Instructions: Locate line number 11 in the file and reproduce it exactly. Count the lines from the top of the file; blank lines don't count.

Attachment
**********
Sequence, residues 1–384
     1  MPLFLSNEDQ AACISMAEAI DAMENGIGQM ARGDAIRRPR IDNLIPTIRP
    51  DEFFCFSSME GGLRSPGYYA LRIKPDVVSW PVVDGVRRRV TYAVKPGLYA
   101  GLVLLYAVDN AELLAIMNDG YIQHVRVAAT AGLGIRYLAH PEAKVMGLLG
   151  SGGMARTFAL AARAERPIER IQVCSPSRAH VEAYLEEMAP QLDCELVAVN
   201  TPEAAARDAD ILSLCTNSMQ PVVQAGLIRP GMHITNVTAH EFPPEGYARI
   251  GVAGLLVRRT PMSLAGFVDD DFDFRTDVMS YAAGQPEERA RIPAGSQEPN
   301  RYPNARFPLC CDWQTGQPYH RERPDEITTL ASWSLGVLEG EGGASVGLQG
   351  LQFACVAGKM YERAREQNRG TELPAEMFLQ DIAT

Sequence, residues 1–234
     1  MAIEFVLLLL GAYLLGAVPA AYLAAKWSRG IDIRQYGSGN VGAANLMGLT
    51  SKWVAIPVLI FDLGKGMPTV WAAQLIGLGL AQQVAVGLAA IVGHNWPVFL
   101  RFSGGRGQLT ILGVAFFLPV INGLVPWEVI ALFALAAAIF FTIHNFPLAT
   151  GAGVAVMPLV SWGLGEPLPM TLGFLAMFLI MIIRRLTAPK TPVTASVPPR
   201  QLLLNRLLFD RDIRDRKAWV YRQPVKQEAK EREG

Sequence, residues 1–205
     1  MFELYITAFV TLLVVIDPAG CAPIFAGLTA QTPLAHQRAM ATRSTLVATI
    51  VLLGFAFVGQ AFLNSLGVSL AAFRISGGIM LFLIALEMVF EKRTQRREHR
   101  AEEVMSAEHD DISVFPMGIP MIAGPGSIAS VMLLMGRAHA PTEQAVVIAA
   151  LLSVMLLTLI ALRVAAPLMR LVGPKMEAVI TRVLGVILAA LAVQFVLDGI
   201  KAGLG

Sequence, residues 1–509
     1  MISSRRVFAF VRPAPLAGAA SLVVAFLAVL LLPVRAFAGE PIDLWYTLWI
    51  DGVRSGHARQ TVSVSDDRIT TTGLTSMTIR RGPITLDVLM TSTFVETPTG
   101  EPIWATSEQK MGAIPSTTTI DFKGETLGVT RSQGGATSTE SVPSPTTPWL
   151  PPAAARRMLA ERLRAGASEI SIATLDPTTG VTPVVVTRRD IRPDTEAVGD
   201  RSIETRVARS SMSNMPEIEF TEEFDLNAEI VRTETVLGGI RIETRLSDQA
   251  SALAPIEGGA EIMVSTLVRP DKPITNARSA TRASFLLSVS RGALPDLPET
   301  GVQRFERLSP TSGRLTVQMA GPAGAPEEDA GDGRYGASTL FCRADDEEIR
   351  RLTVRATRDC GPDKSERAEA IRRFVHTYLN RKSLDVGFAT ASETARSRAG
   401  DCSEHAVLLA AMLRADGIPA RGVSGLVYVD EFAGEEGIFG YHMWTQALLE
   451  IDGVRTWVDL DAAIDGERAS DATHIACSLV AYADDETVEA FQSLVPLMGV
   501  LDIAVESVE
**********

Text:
     1  MAIEFVLLLL GAYLLGAVPA AYLAAKWSRG IDIRQYGSGN VGAANLMGLT